Electron, an impact project at the OpenJS Foundation, recently released an updated version, Electron 12.0.0. This new version includes upgrades to Chromium 89, V8 8.9 and Node.js 14.16. The team also added changes to the remote module, new defaults for contextIsolation, a new webFrameMain API, and general improvements. Full details of the new release can be found on the Electron blog.
The Electron team is excited to announce the release of Electron 11.0.0! You can install Electron v11 with npm via `npm install electron@latest` or download it from our releases website. The release is packed with upgrades, fixes, and features.
Some highlights from the Electron 11.0.0 release include:
Improved the performance of sending wide objects over the context bridge.
Added V8 crash message and location information to crashReport parameters.
To read more about Electron 11.0.0, please read the blog here written by the Electron team.
Electron Release Schedule
Although we are careful not to make promises about release dates, our plan is to release new major versions of Electron with new versions of those components approximately quarterly. The tentative 12.0.0 schedule maps out key dates in the Electron 12.0 development life cycle. See our versioning document for more detailed information about versioning in Electron.
Give your feedback on how you are using the Electron
This survey is intended for anyone who builds applications with this technology and will help the team learn more about how folks are using it and what challenges they are facing. The results will help maintainers address these challenges and guide the project’s roadmap.
“As an open source project, many of the decisions regarding Electron happen within GitHub repositories, however, work done within GitHub repos are only a fraction of our overall user base,” said Antón Molleda. “We are excited to have this survey reach the broad set of Electron users so we can capture requirements, challenges and use this information to create a better Electron for all.”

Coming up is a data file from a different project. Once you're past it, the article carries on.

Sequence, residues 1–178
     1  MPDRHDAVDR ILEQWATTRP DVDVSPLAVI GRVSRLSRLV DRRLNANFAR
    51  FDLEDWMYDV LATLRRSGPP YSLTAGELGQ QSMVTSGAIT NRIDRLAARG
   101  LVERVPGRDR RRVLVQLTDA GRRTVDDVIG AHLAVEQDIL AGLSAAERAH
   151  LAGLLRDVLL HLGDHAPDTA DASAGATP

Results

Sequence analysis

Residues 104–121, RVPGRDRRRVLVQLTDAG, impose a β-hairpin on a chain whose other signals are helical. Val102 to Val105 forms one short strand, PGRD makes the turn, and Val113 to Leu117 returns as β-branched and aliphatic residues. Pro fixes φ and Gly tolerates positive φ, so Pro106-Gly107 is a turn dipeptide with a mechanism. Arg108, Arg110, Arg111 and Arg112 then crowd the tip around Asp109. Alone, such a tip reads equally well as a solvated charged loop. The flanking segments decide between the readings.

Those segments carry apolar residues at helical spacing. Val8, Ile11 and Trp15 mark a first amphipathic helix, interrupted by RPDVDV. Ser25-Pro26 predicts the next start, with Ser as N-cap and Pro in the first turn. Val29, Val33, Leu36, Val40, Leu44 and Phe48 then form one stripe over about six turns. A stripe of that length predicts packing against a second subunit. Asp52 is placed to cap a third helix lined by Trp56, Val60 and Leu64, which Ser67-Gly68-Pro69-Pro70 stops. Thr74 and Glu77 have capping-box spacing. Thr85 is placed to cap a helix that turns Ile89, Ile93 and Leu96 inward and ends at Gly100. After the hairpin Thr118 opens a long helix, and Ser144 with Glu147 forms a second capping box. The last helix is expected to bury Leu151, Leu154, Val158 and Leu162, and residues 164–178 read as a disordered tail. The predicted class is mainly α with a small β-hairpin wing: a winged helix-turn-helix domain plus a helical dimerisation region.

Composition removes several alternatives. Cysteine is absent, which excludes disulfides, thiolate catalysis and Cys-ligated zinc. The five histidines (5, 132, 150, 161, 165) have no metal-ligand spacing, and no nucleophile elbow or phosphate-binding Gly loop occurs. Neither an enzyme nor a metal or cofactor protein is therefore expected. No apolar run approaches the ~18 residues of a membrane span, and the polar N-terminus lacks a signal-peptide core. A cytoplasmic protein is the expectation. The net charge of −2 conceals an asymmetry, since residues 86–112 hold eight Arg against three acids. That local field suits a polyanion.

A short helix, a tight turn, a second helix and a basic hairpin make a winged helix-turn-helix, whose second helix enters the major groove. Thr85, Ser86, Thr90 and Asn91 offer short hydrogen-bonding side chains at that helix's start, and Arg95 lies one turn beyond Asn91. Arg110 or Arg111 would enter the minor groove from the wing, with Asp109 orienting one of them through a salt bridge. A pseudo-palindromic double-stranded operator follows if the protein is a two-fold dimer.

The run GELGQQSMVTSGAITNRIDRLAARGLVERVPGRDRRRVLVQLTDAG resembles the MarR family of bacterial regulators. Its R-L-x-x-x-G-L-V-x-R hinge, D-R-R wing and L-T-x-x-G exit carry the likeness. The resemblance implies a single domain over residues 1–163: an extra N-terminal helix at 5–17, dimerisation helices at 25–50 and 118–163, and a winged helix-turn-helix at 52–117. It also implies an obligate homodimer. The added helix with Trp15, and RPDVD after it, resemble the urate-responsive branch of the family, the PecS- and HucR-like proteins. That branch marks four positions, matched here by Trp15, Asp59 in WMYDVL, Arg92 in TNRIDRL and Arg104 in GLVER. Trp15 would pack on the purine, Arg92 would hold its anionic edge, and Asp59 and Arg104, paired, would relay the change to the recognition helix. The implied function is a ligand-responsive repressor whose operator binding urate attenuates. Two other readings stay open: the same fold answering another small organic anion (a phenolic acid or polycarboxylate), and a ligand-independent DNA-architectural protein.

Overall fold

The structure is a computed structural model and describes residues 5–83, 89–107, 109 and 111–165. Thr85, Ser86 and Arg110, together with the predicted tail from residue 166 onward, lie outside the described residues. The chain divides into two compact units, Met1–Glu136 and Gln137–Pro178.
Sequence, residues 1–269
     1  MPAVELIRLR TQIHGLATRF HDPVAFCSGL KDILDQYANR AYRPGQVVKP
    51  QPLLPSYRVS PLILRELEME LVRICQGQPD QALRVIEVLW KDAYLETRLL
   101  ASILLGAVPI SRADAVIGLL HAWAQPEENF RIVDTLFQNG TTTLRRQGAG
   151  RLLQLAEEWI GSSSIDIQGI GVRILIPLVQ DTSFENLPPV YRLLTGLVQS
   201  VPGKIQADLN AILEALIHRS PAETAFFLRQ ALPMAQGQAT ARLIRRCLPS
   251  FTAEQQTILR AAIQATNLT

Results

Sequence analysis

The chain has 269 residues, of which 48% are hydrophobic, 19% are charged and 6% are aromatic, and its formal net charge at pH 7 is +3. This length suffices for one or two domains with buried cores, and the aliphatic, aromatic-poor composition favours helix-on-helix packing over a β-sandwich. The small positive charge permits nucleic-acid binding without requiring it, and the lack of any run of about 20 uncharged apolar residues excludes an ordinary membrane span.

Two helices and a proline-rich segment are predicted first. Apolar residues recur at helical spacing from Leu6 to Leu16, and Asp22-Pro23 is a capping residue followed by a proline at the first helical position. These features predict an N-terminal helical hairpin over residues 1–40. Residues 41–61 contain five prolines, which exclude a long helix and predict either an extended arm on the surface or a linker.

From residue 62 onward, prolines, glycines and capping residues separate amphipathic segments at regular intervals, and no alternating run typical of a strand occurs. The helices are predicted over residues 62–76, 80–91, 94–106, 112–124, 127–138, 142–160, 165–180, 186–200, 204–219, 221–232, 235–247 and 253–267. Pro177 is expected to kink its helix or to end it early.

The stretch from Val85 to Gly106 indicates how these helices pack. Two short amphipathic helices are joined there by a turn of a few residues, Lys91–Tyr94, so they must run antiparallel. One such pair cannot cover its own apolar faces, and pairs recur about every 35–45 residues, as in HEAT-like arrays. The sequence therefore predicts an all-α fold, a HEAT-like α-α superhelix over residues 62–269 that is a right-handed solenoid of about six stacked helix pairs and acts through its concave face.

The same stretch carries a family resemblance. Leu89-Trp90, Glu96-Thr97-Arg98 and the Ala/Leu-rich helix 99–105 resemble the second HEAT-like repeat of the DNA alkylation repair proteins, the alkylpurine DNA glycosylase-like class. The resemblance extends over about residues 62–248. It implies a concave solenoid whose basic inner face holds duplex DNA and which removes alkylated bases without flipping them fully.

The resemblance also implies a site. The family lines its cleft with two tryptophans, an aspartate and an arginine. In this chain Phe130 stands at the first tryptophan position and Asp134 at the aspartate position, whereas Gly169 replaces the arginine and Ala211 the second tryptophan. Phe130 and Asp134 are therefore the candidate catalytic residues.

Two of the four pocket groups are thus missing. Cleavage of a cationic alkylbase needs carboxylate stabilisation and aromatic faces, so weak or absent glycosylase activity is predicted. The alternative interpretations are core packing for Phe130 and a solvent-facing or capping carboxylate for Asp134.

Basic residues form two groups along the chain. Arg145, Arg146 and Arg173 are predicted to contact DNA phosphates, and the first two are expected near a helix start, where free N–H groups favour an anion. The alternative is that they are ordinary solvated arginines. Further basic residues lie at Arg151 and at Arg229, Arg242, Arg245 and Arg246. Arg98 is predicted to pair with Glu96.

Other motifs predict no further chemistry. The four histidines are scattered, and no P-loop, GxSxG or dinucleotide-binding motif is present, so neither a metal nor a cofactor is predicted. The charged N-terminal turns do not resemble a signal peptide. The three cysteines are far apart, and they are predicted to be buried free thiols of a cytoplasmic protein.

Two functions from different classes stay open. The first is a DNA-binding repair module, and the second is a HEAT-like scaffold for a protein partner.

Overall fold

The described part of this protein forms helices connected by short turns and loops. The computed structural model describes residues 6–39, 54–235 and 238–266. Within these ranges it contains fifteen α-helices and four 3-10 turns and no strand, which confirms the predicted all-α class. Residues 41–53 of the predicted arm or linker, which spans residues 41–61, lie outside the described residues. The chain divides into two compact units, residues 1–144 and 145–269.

The survey will close Oct 28th and you can access it here.
In its early days as the backbone of the Atom text editor, community discussion on the Electron framework occurred in a single channel in Atom’s Slack workspace. As time passed and the two projects were increasingly decoupled, the relevance of the Atom workspace to the Electron project decreased, and maintainer participation in the Slack channel declined in the same manner.
Up until now, we had still been redirecting our broader community to the Atom Slack workspace, even though we’ve had many reports from folks who have had trouble receiving invitations, and few of our core maintainers were frequenting the channel.
We’re setting up this shiny new server to be a central discussion hub for the community where you can get the latest news on all things Electron.
So far, the server’s membership consists of a few maintainers who have been working together to set it up, but we’re so excited to chat with you all! Come ask for help, keep up to date with Electron releases, or just hang out with other developers. We’ve got a handy invite for you that’ll give you access to the server!
As a large and long-running open-source project, Electron wouldn’t have been nearly as successful without all the contributions from its community, from code submissions to bug reports to documentation changes, and much more. That’s why we believe in the importance of participating in Hacktoberfest to usher in a wider community of developers of all skill levels into the project.
Moreover, it’s also no coincidence that the grand opening of our Discord server coincides with the largest celebration of open-source software of the year. Check out the #hacktoberfest channel to ask for help on your Hacktoberfest PR. In case you missed it, here’s the invite link again!
Have feedback on this post? Let @electronjs know on Twitter.